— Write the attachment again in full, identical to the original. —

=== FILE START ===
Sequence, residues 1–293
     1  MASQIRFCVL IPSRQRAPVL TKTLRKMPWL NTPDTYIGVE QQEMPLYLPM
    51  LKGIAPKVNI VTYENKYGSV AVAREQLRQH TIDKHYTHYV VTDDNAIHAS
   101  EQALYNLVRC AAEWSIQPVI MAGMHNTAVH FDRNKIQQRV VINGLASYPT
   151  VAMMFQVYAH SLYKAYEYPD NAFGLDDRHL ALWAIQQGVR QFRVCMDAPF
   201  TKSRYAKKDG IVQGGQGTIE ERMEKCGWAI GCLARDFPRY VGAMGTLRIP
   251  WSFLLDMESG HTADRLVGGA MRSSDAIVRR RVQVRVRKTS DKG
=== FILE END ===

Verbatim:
Sequence, residues 1–293
     1  MASQIRFCVL IPSRQRAPVL TKTLRKMPWL NTPDTYIGVE QQEMPLYLPM
    51  LKGIAPKVNI VTYENKYGSV AVAREQLRQH TIDKHYTHYV VTDDNAIHAS
   101  EQALYNLVRC AAEWSIQPVI MAGMHNTAVH FDRNKIQQRV VINGLASYPT
   151  VAMMFQVYAH SLYKAYEYPD NAFGLDDRHL ALWAIQQGVR QFRVCMDAPF
   201  TKSRYAKKDG IVQGGQGTIE ERMEKCGWAI GCLARDFPRY VGAMGTLRIP
   251  WSFLLDMESG HTADRLVGGA MRSSDAIVRR RVQVRVRKTS DKG